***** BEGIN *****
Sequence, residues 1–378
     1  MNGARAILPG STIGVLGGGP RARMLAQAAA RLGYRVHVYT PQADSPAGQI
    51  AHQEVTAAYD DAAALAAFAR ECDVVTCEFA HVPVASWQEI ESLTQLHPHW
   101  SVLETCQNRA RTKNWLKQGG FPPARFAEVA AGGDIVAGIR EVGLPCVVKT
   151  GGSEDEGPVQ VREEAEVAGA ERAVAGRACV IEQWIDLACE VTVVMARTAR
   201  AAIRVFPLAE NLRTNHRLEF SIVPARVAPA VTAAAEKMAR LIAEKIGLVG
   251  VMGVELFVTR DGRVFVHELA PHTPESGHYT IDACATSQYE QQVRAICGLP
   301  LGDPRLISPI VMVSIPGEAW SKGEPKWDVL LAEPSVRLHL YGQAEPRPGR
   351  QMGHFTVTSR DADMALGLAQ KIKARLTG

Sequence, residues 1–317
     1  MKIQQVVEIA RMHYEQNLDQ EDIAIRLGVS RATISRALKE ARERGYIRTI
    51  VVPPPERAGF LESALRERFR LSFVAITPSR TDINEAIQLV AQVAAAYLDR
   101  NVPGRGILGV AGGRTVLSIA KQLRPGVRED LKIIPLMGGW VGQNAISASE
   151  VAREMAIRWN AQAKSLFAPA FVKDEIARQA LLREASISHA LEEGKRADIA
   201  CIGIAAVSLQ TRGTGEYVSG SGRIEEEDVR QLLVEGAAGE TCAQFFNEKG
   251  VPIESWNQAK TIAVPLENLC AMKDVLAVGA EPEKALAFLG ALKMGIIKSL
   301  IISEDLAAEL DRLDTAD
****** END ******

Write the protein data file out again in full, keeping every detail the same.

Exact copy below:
Sequence, residues 1–378
     1  MNGARAILPG STIGVLGGGP RARMLAQAAA RLGYRVHVYT PQADSPAGQI
    51  AHQEVTAAYD DAAALAAFAR ECDVVTCEFA HVPVASWQEI ESLTQLHPHW
   101  SVLETCQNRA RTKNWLKQGG FPPARFAEVA AGGDIVAGIR EVGLPCVVKT
   151  GGSEDEGPVQ VREEAEVAGA ERAVAGRACV IEQWIDLACE VTVVMARTAR
   201  AAIRVFPLAE NLRTNHRLEF SIVPARVAPA VTAAAEKMAR LIAEKIGLVG
   251  VMGVELFVTR DGRVFVHELA PHTPESGHYT IDACATSQYE QQVRAICGLP
   301  LGDPRLISPI VMVSIPGEAW SKGEPKWDVL LAEPSVRLHL YGQAEPRPGR
   351  QMGHFTVTSR DADMALGLAQ KIKARLTG

Sequence, residues 1–317
     1  MKIQQVVEIA RMHYEQNLDQ EDIAIRLGVS RATISRALKE ARERGYIRTI
    51  VVPPPERAGF LESALRERFR LSFVAITPSR TDINEAIQLV AQVAAAYLDR
   101  NVPGRGILGV AGGRTVLSIA KQLRPGVRED LKIIPLMGGW VGQNAISASE
   151  VAREMAIRWN AQAKSLFAPA FVKDEIARQA LLREASISHA LEEGKRADIA
   201  CIGIAAVSLQ TRGTGEYVSG SGRIEEEDVR QLLVEGAAGE TCAQFFNEKG
   251  VPIESWNQAK TIAVPLENLC AMKDVLAVGA EPEKALAFLG ALKMGIIKSL
   301  IISEDLAAEL DRLDTAD